We are an Army rich in both worldly resources and intelligent, passionate people. The answer is not more money, more soldiers, more officers, or the like; the answer is a fresh anointing of the Holy Spirit’s power and presence in each of our lives! The answer is more sensitivity and submission to God’s leading, over our own interest and self-preservation. The answer is a more radical abandonment of our earthly loves and concerns, for the sake of God’s will finding fruitful expression in the lives of every soldier and officer. Let’s encourage and spur one another on towards that. Let’s get on our knees often, and stay on them long before our God who has already made wonderful provision for his people.

God bless The Salvation Army. Otherwise, we’re toast!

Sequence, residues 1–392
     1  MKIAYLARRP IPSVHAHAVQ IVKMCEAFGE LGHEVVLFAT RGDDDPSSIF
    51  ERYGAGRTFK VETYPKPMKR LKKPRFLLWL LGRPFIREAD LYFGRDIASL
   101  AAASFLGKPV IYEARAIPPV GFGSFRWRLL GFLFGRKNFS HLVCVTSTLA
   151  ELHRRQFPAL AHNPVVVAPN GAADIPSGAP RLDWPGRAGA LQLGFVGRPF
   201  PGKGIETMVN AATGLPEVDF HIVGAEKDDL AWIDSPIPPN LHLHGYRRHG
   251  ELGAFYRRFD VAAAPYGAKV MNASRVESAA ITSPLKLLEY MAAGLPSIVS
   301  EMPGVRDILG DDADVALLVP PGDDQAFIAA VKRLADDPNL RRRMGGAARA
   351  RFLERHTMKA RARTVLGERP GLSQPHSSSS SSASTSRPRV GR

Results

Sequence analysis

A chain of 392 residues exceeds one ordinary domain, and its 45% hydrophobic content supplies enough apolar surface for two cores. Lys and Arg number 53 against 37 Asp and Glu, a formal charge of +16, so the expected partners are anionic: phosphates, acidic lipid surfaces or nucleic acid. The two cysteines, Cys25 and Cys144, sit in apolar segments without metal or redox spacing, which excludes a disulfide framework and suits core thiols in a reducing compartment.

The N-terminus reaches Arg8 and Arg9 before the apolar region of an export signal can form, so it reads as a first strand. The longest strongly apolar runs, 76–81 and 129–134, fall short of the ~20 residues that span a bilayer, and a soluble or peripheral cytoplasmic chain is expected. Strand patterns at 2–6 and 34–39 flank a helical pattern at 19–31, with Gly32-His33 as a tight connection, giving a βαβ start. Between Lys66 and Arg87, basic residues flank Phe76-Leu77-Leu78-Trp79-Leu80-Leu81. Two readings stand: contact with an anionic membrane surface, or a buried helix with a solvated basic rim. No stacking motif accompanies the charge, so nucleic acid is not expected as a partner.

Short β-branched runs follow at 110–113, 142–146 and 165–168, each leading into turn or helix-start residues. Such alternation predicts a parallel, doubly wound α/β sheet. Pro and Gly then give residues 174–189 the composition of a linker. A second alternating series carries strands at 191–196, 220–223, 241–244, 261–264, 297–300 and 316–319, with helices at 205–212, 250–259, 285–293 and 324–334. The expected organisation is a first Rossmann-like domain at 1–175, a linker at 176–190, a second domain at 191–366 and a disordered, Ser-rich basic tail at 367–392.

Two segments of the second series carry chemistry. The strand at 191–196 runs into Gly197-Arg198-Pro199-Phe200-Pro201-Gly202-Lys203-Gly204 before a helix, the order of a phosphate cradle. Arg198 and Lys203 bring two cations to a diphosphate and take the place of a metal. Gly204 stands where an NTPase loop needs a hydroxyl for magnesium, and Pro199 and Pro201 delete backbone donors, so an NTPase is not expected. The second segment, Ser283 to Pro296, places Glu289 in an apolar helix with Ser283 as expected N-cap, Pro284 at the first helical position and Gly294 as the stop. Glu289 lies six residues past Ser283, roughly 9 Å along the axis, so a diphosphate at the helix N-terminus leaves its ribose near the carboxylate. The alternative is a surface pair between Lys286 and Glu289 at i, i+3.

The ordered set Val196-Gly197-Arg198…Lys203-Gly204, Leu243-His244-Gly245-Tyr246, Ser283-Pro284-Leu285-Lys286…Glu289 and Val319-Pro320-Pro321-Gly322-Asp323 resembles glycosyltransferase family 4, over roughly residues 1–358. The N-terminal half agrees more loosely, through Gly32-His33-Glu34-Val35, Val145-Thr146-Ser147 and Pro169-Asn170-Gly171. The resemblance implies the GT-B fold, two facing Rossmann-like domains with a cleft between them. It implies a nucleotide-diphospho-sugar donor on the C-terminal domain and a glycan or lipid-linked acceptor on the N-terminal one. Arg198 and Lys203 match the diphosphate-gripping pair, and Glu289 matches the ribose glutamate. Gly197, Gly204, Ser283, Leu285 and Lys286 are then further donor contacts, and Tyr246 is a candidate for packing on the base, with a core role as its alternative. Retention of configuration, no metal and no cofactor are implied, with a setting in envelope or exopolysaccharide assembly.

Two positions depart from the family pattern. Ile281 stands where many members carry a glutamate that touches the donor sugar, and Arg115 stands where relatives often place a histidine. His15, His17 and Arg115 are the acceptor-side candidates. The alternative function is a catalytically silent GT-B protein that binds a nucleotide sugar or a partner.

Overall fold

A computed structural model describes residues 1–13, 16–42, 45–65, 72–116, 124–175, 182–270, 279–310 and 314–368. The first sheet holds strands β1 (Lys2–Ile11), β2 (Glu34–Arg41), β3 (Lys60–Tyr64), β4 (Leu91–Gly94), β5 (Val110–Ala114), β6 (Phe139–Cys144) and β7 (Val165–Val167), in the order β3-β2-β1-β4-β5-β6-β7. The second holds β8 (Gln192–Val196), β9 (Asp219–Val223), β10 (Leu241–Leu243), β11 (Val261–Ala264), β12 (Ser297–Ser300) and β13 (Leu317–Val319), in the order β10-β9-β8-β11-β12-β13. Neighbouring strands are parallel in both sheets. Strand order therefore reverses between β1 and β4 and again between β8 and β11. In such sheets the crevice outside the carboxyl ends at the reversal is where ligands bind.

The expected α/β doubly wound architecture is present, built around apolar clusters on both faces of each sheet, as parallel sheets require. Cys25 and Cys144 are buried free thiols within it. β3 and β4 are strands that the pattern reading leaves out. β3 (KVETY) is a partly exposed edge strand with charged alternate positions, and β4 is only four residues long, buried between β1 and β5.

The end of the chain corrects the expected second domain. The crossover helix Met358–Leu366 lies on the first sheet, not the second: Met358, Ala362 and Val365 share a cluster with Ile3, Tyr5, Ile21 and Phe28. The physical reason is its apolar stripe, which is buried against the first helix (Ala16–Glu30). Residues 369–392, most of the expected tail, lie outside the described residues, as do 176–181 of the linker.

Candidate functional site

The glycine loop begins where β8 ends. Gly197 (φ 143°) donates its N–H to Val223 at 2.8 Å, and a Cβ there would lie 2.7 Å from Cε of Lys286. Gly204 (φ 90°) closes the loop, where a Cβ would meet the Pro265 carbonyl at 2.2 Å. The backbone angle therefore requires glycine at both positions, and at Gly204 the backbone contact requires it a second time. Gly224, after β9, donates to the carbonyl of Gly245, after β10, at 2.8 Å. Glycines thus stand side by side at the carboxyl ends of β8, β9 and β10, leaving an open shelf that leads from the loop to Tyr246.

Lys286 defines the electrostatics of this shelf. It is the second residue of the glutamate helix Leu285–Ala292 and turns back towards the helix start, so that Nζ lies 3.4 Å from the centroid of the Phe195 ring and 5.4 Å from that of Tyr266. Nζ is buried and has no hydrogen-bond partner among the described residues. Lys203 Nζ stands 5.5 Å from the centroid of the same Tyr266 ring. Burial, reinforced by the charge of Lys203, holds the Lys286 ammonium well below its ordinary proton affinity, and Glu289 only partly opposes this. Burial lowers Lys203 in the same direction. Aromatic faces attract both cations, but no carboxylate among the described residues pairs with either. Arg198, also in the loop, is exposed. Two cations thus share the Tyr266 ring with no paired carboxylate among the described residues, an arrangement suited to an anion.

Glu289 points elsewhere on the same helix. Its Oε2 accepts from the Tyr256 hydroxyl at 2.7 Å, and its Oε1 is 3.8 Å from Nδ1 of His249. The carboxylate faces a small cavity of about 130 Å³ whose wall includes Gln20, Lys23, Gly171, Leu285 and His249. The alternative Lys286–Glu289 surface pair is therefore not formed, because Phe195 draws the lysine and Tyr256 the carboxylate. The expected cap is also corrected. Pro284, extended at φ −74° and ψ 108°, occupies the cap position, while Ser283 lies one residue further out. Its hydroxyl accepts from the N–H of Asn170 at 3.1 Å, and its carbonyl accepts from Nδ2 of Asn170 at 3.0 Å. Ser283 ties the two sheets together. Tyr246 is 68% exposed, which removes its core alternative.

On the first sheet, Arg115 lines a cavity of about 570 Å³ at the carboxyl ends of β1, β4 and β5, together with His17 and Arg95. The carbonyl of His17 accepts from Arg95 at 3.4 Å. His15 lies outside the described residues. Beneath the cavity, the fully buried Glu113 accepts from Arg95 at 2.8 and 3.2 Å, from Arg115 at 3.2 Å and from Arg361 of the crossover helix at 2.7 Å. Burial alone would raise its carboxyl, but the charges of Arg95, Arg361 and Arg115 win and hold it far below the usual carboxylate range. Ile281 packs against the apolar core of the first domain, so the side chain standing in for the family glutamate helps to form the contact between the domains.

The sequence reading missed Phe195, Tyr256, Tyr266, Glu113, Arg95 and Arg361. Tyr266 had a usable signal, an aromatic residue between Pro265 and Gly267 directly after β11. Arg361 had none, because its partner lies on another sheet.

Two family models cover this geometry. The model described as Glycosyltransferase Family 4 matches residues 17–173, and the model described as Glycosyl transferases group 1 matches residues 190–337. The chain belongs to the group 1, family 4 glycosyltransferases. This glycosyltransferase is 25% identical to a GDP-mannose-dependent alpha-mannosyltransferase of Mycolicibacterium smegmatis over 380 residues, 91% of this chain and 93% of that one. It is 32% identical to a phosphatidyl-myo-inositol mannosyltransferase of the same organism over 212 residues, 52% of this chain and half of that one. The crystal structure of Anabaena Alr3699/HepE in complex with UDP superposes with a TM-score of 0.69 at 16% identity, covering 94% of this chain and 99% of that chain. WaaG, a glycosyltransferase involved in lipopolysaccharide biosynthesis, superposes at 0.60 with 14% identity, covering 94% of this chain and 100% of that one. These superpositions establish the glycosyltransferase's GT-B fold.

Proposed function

• What is the single greatest need you see in your TSA community?
  • How are you prayerfully seeking the Lord’s will for your life and your ministry?
  • Where are you seeing fruit born out of the active presence of the Holy Spirit in your ministry, and how can you focus more time and attention on those areas?
  • Aaron Kruse

    First, I think that trying to narrow down one “Single, Greatest Need” is not the right idea… The moment that you start to focus on that single need, more often than not other things end up losing focus… until the next thing you know, your greatest need is being addressed, and then you have three or four other needs that have now increased. It’s a vicious cycle that is next to impossible to get out of. Instead of trying to address the Single greatest need, I think that what needs to be addressed is “How do we incorporate this greatest need into our ministry?” Unfortunately, sometimes, this means that we need to move focus from one area of need to another. Focusing on Youth ministry, as an example, is absolutely required, but not if it is going to take away from a strong Adult ministry at the corps. This is where the issue lies… how do we focus on this “Single, Greatest Need” in our corps without sacrificing the other work that we do?